2004 V-6 motor, tuff country 3" suspension lift, aftermarket wheels. custom grill insert
    I think I rev'd it up to 3000 rpm and she came apart at 2500 rpm. I was watching the tach when it happened. By the way, I don't rev the mew motor.
     
  13. Dec 23, 2007 at 1:14 PM
    #13
    concrete jedi

    concrete jedi Well-Known Member

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    2,745
    Rochester N.Y
    Vehicle:
    06 Tacoma 4 door indigo blue
    Broken and scratched tailgate, cracked rear tail light lens, coffee stain in driver seat.
    I've heard a couple schools of thought on how to break in a new engine, run it hard on the highway for 500 miles, drive like normal everyday (except for TuRDTaco, that boy aint right !), how are you approaching this matter. :burnrubber:
     
  14. Dec 23, 2007 at 1:23 PM
    #14
    tacotoe

    tacotoe Pastry Chef

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    Nebraska
    Vehicle:
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    Gibson Cat-Back Exhaust
    Srevice Dept. where I bought my Tacoma had a cut-away display showing Genuine Toyota and other brand filter and even though this "other" brand was probably the cheapest available, I was impressed by the quality of the genuine part.Also if I buy three at a time (discount) they cost less than a buck more than a Fram.I also wondered who makes the Toy. filter?
     
  15. Dec 23, 2007 at 1:36 PM
    #15
    tacotoe

    tacotoe Pastry Chef

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    Gibson Cat-Back Exhaust
    Back when my friend bought his first new truck `86 x-cab SR5, he of course had to show everyone.I got in to go for a ride. I remember It had less than 100 miles (54 maybe).He took it to redline and dropped the clutch! Then speed shifted thru the gears..I was like DUDE! His reply was," I thought you said break it in like your gonna drive it"'.Yea, but Take a little easy on her at first.Anyhow that truck ran great for well over 250k and was alot free -er reving than Toyotas other friends had. 22RE.
     
  16. Dec 23, 2007 at 4:19 PM
    #16
    missileman125fw

    missileman125fw Well-Known Member

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    I have a buddy that works at the Toyota service department that I bought my Tacoma from, he said to make sure and put a Toyota oil filter on when I change my oil. He said Toyota will not cover any damage to a motor if an after market filter is installed.
     
  17. Dec 23, 2007 at 6:29 PM
    #17
    kenny

    kenny [OP] Member

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    north west Indiana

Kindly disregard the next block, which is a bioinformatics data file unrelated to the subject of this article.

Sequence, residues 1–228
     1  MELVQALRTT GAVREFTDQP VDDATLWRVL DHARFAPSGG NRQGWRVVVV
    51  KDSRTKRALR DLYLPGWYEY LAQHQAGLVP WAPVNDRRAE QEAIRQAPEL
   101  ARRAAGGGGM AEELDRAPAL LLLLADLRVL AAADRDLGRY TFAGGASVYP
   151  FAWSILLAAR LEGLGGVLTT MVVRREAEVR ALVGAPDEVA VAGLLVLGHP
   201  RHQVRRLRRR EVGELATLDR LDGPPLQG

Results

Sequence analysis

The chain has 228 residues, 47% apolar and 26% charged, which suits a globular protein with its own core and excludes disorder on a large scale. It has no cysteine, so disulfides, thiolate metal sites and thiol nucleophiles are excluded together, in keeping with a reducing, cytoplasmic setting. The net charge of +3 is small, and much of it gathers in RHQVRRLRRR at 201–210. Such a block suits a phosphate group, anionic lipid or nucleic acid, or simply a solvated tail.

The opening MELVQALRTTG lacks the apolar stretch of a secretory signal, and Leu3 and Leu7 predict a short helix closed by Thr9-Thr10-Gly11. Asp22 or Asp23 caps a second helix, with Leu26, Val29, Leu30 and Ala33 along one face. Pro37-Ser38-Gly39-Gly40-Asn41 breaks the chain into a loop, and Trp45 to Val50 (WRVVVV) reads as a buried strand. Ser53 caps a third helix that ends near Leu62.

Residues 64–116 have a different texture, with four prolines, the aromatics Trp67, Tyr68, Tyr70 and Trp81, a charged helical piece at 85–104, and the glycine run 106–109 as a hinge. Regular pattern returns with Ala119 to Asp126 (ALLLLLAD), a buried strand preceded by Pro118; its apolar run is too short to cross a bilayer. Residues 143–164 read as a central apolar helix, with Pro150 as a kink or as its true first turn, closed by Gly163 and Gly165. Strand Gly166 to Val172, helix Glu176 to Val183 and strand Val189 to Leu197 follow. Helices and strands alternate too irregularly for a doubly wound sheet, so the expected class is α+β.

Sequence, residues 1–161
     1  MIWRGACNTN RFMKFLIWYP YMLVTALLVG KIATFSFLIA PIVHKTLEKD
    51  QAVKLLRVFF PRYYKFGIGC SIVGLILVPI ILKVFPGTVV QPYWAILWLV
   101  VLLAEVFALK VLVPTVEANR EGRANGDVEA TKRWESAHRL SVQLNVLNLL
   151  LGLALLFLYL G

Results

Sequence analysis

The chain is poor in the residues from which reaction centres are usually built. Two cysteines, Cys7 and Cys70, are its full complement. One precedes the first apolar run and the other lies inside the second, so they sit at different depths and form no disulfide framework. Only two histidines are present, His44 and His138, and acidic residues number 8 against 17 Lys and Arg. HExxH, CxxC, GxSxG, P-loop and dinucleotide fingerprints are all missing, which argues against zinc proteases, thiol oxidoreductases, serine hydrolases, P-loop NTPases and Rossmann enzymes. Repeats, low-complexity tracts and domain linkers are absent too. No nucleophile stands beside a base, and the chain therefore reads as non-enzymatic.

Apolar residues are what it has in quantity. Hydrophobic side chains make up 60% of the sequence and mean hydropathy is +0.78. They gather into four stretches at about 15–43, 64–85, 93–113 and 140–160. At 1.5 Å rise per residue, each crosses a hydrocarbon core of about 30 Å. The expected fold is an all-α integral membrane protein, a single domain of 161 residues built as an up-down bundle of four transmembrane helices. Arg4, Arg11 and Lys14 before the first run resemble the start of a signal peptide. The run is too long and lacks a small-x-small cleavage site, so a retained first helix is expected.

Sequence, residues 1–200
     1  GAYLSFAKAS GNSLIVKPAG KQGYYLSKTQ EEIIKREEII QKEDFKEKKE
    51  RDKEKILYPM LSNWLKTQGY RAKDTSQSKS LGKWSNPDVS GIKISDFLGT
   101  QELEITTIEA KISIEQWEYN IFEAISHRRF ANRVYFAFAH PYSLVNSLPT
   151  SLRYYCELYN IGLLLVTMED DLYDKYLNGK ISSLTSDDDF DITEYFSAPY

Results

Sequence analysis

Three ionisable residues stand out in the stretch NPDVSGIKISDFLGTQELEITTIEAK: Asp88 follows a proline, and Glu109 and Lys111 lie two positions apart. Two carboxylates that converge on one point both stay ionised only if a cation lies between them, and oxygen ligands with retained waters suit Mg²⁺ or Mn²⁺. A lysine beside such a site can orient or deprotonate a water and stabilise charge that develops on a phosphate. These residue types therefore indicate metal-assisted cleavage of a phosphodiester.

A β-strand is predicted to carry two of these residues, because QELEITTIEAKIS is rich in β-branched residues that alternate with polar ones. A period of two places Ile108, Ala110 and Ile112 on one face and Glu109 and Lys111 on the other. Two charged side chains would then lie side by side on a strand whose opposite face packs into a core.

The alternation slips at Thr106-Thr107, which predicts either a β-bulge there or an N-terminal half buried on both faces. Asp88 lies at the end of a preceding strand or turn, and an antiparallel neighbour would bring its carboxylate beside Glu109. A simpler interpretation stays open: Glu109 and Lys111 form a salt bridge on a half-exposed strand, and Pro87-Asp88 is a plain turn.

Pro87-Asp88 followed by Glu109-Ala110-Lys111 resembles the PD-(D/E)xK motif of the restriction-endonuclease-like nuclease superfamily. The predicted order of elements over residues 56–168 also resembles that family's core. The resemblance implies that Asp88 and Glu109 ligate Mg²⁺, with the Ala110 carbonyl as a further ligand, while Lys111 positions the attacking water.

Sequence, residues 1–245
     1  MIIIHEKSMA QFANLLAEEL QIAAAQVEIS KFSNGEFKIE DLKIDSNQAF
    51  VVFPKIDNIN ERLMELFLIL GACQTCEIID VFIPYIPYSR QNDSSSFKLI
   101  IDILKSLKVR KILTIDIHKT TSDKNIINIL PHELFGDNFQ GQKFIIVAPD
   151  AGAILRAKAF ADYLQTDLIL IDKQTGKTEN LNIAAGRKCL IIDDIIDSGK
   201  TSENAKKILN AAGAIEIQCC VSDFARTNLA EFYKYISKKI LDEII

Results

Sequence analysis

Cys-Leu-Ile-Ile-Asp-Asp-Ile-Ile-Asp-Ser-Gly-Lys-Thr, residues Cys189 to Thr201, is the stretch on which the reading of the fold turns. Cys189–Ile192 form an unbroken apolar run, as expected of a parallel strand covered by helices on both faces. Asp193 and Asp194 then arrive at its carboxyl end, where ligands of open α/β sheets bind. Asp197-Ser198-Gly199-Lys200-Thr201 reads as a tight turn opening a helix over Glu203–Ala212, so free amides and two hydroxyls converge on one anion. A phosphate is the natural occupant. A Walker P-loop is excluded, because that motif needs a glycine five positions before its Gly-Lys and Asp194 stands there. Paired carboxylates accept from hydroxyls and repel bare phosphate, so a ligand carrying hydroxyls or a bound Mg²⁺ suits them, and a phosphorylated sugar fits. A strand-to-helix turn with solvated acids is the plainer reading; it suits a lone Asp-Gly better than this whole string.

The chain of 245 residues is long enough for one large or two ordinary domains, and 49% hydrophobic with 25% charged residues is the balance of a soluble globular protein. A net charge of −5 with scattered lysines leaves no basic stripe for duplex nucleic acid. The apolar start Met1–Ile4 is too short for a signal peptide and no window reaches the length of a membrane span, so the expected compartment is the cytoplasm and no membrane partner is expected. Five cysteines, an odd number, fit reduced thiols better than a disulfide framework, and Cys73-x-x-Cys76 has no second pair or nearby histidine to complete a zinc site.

Vehicle:
    TRD prerunner SR5
    2004 V-6 motor, tuff country 3" suspension lift, aftermarket wheels. custom grill insert
    I will probably only use Wix, Mobil, or Toyota filters for now on in my Tacoma. One thing that I recently started to do is prime my filters with oil first. This helps the oil get to the motor faster after start up. On the 5VZ-FE 3.4L it is a little messy because of the angle of the filter mount, but most of the oil stays in the filter.
     
  18. Dec 23, 2007 at 6:46 PM
    #18
    kenny

    kenny [OP] Member

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    north west Indiana
    Vehicle:
    TRD prerunner SR5
    2004 V-6 motor, tuff country 3" suspension lift, aftermarket wheels. custom grill insert
    Well I believe in a brief warm up before taking off and never keep the motor at one constant RPM. varying the RPM's is best, and no heavy loads until the motor has around 500 miles. Lugging the motor is a no no also. I found that out when I purchased a new street bike when I was younger. It over heated and vapor locked at a traffic light when I was riding it home for the first time.
     
  19. Dec 23, 2007 at 7:32 PM
    #19
    concrete jedi

    concrete jedi Well-Known Member

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    2,745
    Rochester N.Y
    Vehicle:
    06 Tacoma 4 door indigo blue
    Broken and scratched tailgate, cracked rear tail light lens, coffee stain in driver seat.
    Although I didn't know, I would agree with that, hopefully I am many miles from that day, best to you and your rig. :)
     
  20. Dec 23, 2007 at 7:37 PM
    #20
    Jim Mann

    Jim Mann Well-Known Member

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    No expert here, but I sold motor oil and filters for 12.5 years ( Champion and Wix ). No, I would not choose Fram as my 1st choice, but your filter probably exploded because of engine isues. I sent many filters back in for claims after someone had engine problems, and it was very rare that the filter was at fault. Since filters do not create pressure, the problems were often created by malfunctioning oil pumps or blown head gaskets. In cases where the filters were at fault, it was normally a case of a cut gasket or incorrect lip clearance allowing the oil to leak out. However, these failures did not result in a filter explosion or disintegration. What you have described, I have seen, but it always seem to be caused by something else. The filter was often blamed, even though it was rarely the culprit. There are always exceptions. Good luck, JIm Mann